#6 The G|O Briefing, June 18, 2020


This is an onsite, slightly edited republication of the complete G|O Briefing newsletter


Today in The Geneva Observer, the Human Rights Council’s hybrid 43rd session is very much underway. In a powerful and moving speech yesterday (Wednesday, June 17, 2020) opening the urgent debate on the current protests on racially inspired human rights violations, the brother of George Floyd called for an independent commission of inquiry to investigate police killings of black people in America and the violence used against peaceful protesters.
“You watched my brother die. That could have been me. I am my brother’s keeper. You at the United Nations are your brothers' and sisters’ keepers in America, and you have the power to help us get justice for my brother George Floyd. I am asking you to help him. I am asking you to help me. I am asking you to help us, black people in America.”

It’s very easy to call out the hypocrisy of many countries taking the floor to decry the treatment of peaceful protesters and police violence in the United States (China, Venezuela, Brazil, North Korea, etc.—it’s a long list. And sure, it was slightly, if depressingly, amusing to watch Venezuela’s representative for the Maduro regime gleefully excoriate “Yankee imperialists,” or China confess itself “saddened and shocked” by the idea of police brutality, or Iran talk up “Martin Luther King’s ideal of a beloved community.” But, while Philonise Floyd called for a specific mechanism for the US, the debate went beyond territorial boundaries applying to racism of persons of African descent everywhere.

It is surely not negligible to have countries around the world—and questionable regimes (see above)—participate in an explicitly pro-human rights forum, even if that engagement is primarily rhetorical. Does paying lip service to the concept of human rights—even when blatantly disregarding them at the same time—serve to legitimize them implicitly? Our answer to that question, another of International Geneva’s impossible meta-questions, is that it may not be much, but it is still better than not even paying lip service… right?

We will have more for you on Tuesday as the dust will have settled on the Council’s proceedings.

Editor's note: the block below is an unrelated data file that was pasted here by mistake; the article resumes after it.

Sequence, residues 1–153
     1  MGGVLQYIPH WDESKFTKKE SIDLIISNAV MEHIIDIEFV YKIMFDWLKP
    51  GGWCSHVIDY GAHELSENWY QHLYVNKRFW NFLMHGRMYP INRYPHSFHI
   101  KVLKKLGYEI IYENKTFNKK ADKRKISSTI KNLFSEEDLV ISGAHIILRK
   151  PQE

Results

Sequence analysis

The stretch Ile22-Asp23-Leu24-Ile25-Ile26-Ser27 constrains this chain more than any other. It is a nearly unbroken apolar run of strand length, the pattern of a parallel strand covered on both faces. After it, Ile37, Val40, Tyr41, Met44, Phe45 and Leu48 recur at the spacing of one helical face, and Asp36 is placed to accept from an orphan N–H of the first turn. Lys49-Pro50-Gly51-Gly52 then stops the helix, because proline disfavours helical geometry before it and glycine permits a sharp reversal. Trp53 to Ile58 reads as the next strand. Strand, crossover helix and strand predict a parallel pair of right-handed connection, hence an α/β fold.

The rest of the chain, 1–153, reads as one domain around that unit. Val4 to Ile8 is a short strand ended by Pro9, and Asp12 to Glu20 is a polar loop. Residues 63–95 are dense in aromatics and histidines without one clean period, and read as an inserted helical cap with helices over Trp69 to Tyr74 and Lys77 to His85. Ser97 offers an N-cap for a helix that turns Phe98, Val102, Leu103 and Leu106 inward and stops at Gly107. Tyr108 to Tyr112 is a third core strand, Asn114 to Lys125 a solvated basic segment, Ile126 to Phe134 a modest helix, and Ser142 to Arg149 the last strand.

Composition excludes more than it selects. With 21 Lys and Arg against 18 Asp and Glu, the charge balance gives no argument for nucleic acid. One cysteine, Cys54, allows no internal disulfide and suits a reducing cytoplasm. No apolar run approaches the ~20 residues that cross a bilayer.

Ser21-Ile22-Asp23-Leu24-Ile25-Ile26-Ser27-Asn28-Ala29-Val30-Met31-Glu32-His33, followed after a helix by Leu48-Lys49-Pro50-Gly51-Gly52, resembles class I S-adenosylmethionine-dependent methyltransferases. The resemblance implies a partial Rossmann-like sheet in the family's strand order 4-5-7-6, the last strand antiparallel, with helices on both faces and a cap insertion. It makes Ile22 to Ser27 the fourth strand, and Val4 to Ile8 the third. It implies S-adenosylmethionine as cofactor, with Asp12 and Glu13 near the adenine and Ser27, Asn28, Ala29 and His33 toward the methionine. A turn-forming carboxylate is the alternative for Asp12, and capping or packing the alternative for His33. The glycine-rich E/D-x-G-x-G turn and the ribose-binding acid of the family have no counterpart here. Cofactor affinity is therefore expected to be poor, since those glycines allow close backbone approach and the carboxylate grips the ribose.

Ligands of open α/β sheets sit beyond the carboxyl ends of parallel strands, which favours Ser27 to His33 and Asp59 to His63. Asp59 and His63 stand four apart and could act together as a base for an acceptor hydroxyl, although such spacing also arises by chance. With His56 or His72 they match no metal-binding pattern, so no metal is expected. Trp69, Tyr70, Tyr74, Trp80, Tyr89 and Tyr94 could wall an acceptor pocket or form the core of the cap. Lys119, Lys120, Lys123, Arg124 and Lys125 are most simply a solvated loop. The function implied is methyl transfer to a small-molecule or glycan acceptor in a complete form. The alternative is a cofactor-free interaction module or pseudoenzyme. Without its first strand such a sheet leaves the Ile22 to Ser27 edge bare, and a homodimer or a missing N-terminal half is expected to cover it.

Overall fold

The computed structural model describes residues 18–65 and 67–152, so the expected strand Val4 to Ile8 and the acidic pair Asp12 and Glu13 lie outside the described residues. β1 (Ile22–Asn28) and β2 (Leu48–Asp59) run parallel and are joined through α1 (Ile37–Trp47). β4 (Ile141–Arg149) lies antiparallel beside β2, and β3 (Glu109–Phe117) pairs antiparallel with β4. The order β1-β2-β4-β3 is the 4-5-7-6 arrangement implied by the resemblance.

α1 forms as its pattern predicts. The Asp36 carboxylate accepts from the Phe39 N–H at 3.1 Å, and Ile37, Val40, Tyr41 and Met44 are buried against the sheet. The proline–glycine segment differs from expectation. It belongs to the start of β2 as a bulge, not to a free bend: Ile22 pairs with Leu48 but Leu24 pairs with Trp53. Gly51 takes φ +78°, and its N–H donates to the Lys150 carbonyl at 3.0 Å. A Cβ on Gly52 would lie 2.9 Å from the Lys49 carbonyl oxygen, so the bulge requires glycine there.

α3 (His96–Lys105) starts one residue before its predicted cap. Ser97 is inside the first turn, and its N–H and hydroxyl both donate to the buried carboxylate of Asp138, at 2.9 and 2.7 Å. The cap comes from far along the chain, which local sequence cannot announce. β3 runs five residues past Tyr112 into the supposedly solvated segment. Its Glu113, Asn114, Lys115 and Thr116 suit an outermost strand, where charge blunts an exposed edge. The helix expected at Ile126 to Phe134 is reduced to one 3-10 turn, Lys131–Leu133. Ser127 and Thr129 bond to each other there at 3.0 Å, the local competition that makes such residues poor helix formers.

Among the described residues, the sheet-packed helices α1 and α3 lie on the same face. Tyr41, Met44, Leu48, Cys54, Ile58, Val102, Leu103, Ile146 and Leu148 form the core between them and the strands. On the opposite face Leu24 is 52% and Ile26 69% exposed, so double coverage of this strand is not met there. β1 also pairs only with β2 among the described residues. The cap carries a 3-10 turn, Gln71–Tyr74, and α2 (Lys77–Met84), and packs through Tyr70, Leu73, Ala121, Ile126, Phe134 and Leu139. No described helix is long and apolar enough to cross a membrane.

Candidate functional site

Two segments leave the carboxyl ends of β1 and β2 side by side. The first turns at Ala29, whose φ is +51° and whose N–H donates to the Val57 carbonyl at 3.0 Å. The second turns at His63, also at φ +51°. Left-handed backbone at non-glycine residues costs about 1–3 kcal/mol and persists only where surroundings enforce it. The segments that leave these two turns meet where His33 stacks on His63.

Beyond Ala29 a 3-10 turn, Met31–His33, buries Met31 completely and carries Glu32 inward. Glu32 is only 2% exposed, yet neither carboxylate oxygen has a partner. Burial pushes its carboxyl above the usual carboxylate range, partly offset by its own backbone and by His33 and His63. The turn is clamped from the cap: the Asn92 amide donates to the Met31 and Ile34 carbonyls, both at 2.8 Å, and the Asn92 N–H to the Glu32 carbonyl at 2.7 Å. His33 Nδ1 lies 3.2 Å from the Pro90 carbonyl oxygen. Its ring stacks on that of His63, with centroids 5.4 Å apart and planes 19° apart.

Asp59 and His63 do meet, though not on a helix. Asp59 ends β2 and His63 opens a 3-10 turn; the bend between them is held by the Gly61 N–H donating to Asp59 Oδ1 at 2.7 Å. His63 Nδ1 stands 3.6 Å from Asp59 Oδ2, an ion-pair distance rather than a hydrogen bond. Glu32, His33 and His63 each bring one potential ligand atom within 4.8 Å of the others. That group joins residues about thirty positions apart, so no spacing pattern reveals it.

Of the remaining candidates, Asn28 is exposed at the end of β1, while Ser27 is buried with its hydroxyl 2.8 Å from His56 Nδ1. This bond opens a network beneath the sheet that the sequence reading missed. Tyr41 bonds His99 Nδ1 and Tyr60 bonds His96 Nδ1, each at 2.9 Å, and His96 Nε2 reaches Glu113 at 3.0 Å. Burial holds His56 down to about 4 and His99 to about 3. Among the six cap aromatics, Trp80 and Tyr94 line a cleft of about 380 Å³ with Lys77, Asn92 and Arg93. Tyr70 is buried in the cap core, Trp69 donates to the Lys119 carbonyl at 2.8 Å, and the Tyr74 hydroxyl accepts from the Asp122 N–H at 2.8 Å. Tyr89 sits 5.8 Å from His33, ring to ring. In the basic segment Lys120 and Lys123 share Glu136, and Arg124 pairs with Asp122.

In poisoned chalices news: WTO leadership race update!

“The WTO is a mess. The WTO has failed America, and it has failed the international trading system.”

Those were the words yesterday of Robert Lighthizer, the US Trade representative testifying before the  US Senate  Sounding more like Donald’s Trump tweets than the expression of a carefully thought-through statement expressing a reformist agenda to renew multilateral institutions, Lighthizer called for “fundamental reforms” at the WTO without spelling them out—as is the fashion these days with such calls.

No hope either on the question of the appellate court, whose appointments have been blocked by Washington, effectively crippling the body’s ability to settle disputes. “I don’t think the appellate body was working well… I think that would be fine if it never goes back into effect,” said Lighthizer.

Given that, one has to wonder why anybody would want the top WTO job at this juncture. Lighthizer warned that any contender with “a whiff of anti-Americanism in their past actions” will face an American veto.

As a reminder, following Robert Azevedo’s surprise announcement that he would be resigning a year early, the list of the contenders includes:

Jesús Seade Kuri

Mexico’s former ambassador to the GATT and chief negotiator in the creation of WTO, a former Deputy D-G of GATT and WTO, he also renegotiated the US-Mexico-Canada trade deal

Ngozi Okonjo-Iweala

Nigeria’s former finance minister, board chair of GAVI, and former World Bank number 2, inter alia

Tudor Ulianovschi

Moldova’s former foreign minister and ambassador to Liechtenstein and Switzerland, and former Permanent Representative to the United Nations Office in Geneva and to WTO)

Abdel-Hamid Mamdouh

Swiss-Egyptian international trade lawyer, nominated by Egypt, former WTO Director of Trade in services and investment division

The presence of two competing African candidates is unfortunate, particularly at a time when the African Union had wanted to coalesce behind a candidate. Nigeria’s last-minute swapping of candidates (replacing their previous nominee with Okonjo-Iweala) lead to the Egyptians calling foul and accusing Nigeria of disrupting the AU process. Nigeria then nominated Okonjo-Iweala directly, as did Egypt with Mamdouh.

On the EU side, Phil Hogan (EU Trade Commissioner) is a serious possibility also. The EU has been putting in place conflict of interest and other measures to shield him during the nomination process. However, EU governments are yet to decide whether to unite around one candidate from Europe or to throw their weight behind another candidate from elsewhere—probably Nigeria’s well-known nominee Ngozi Okonjo-Iweala. Hogan, and the EU, had anticipated Lighthizer’s backing, but all they got from yesterday was that “ultimately, we have to get something worked out with Europe.”

Not exactly a ringing endorsement.

-The G|O